Based on data from the Ohio Departments of Aging and Health, among Ohioans age 65 and older in 2010: there were 964 deaths from falls, which is about three per day; 16,636 hospitalizations, or two hospitalizations every hour; 66,421 emergency room visits, or eight ER visits every hour; 105,009 injuries from falls, or one injury every five minutes, and 291,693 elderly persons who fell, which means a senior citizen fell every two minutes.
The state Injury Prevention Partnership mentions falls among the elderly as the first area to receive special attention in its bylaws. Apparently senior citizens fall so often that people thinks it is a natural part of aging.
"A misconception is that falling is a part of aging," said Natalie Leland, as assistant professor of occupational therapy at the University of Southern California.
An Ohio Department of Health report states emphatically that "Falls are not a normal part of aging."
Exercise is vital in reducing the risk of falling.
"Older people in particular, and everybody, wants to stay fit and active so your body can react to a fall in progress," said Karen Smith, of the American Occupational Therapy Association in Washington.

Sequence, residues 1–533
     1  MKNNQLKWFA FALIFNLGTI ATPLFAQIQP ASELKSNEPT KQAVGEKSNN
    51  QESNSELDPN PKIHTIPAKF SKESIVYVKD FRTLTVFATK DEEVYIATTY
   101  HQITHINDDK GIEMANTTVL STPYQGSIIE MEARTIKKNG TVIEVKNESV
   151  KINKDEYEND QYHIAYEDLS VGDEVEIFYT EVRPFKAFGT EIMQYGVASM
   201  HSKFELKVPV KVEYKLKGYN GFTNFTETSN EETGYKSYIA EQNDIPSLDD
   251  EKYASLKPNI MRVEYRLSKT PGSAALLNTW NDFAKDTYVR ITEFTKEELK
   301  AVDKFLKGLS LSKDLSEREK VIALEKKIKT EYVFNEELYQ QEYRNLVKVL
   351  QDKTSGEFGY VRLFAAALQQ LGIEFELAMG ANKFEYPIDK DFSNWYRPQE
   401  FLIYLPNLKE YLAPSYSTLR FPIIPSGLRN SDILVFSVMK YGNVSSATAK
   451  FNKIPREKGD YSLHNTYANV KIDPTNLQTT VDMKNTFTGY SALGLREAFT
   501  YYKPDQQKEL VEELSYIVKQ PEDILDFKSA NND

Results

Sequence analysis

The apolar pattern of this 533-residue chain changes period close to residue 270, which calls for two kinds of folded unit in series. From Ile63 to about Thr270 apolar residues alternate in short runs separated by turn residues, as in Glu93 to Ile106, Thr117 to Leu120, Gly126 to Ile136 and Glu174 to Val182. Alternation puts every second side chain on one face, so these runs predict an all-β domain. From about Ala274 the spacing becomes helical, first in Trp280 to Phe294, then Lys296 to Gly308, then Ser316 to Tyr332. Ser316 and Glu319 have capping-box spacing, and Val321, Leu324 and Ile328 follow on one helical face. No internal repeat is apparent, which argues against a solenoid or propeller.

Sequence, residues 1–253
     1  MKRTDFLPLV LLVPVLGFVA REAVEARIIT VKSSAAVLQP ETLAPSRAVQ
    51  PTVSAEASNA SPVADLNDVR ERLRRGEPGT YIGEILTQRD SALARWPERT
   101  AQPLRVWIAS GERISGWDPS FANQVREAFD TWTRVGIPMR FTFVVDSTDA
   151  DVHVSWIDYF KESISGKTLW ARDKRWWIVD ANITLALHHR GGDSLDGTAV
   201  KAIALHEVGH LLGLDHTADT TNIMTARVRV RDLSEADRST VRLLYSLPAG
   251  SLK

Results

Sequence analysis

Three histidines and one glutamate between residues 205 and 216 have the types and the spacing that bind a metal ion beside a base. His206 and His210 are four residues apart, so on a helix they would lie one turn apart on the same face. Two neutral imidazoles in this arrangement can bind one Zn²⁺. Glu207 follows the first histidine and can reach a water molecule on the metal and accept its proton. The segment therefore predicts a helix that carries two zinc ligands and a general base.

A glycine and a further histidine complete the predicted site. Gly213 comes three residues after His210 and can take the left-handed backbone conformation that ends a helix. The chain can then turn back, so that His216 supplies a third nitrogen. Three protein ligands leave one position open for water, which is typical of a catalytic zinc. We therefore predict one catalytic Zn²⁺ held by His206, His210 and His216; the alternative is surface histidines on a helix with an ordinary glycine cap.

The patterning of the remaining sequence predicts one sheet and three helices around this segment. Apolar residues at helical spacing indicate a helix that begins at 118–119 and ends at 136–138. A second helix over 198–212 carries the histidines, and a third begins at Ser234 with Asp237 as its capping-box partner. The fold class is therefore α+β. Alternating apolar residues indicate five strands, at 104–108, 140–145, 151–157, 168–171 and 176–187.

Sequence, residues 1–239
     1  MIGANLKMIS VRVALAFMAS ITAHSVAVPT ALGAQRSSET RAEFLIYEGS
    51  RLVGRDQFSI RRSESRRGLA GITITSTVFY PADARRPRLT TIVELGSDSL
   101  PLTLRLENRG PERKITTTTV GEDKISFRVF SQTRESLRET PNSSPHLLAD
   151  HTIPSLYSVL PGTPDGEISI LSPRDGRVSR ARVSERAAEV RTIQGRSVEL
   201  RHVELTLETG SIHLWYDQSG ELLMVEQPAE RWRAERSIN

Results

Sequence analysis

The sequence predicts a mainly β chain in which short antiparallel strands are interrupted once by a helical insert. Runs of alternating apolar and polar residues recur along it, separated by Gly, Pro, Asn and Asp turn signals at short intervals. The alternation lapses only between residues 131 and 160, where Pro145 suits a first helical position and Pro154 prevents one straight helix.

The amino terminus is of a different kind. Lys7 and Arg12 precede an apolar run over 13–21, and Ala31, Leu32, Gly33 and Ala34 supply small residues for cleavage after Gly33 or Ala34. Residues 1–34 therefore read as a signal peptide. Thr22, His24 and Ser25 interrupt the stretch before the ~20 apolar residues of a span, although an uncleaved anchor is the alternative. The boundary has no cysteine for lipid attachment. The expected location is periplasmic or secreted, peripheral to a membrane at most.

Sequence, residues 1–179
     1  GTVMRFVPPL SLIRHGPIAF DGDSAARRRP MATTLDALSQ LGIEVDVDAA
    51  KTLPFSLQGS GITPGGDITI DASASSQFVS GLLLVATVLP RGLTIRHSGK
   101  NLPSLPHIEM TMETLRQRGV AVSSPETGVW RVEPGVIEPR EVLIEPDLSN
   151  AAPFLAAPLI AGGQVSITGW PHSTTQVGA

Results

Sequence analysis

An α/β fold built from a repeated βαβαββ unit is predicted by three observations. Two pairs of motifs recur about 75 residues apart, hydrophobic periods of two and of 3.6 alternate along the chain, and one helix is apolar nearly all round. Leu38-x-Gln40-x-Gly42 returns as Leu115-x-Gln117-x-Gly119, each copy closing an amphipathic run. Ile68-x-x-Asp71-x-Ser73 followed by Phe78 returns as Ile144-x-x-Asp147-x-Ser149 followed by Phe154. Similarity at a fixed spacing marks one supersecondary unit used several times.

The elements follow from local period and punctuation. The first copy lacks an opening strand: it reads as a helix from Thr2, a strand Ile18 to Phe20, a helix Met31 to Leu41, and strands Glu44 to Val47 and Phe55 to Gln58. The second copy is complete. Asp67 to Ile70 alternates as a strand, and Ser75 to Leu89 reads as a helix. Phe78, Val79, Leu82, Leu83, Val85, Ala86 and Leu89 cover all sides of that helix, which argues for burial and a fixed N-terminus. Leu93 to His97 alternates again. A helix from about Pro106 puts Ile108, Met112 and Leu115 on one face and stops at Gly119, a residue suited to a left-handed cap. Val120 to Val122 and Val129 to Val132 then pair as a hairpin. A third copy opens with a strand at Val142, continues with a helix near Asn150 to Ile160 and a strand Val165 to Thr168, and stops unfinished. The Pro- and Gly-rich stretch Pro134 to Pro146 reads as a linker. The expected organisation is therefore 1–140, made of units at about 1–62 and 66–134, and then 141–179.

Among the exercise programs she cites for senior citizens are tai chi, Stepping On, and Matter of Balance.
"Some have lay leaders and some have professionals," Ms. Smith said. "Tai chi is gaining a lot of popularity and is effective in prevention of falls."
Meanwhile, Ohio aging and public health agencies and advocates list five steps on the Ohio.gov Web site that addresses fall prevention awareness. Though information on the www.healthyohioprogram.org Web site is directed to the elderly, everyone can benefit from employing these simple measures.
1. Increase your physical activity. Simple exercise, like walking or swimming at least 15 minutes a day, can help build muscle strength and improve balance, which can prevent falls. Exercise programs such as tai chi that increase strength and improve balance are especially good.
2. See your eye doctor once each year. Age-related eye diseases, such as cataracts, macular degeneration, and diabetic retinopathy, can increase the risk of falling. Early detection is key to minimizing the effects of these conditions.
3. Review your medications. Talk to your doctor or pharmacist about the medicines you are taking and whether they may cause drowsiness or dizziness. Discuss things you can do to ensure you are taking your medicines safely.
4. Remove environmental hazards. Look around the house for anything that could increase the risk of falls, including poor lighting, loose rugs, slippery floors, and unsteady furniture. Remove or modify these hazards.
5. Think, plan, and slow down. Many falls are caused by hurrying. Slow down and think through the task you are performing. Be mindful of possible fall risks and act accordingly.
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